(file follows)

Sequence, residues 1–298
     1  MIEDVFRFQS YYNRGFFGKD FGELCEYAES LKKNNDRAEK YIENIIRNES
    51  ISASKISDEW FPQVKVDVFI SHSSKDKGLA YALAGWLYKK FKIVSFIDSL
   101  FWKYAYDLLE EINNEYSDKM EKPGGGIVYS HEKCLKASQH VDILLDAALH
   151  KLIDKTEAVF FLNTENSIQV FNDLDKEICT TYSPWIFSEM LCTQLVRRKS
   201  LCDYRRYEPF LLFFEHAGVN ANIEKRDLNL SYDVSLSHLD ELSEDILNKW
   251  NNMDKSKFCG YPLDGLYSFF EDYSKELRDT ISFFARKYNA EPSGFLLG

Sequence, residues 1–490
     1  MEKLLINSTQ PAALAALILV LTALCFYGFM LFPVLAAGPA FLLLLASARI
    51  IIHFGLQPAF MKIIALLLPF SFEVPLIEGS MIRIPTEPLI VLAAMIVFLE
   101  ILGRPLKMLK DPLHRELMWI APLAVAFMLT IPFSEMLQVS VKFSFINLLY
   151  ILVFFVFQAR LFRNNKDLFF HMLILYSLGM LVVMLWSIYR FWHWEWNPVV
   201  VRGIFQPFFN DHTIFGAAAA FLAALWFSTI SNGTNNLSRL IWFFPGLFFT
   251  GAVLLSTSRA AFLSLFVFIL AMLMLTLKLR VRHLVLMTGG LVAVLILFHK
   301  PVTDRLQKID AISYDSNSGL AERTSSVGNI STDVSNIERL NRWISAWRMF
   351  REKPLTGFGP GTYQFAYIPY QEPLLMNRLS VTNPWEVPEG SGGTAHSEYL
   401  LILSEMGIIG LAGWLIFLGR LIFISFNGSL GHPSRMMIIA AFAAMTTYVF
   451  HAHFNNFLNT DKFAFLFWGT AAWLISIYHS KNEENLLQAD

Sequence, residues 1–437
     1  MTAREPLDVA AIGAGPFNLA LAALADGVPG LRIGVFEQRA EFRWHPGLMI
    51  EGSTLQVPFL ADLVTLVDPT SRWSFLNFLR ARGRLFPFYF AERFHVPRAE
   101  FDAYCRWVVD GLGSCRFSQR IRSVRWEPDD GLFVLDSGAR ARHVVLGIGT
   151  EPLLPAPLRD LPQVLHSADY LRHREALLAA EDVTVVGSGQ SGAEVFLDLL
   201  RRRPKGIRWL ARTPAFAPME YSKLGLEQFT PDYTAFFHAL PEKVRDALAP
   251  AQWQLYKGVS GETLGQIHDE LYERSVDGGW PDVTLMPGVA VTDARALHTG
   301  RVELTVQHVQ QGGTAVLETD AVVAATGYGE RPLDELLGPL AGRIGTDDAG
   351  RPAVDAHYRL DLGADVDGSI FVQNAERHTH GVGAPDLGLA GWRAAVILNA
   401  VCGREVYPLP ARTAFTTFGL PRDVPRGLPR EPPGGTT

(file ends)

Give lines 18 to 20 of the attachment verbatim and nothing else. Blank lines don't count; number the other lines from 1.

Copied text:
   451  HAHFNNFLNT DKFAFLFWGT AAWLISIYHS KNEENLLQAD

Sequence, residues 1–437
     1  MTAREPLDVA AIGAGPFNLA LAALADGVPG LRIGVFEQRA EFRWHPGLMI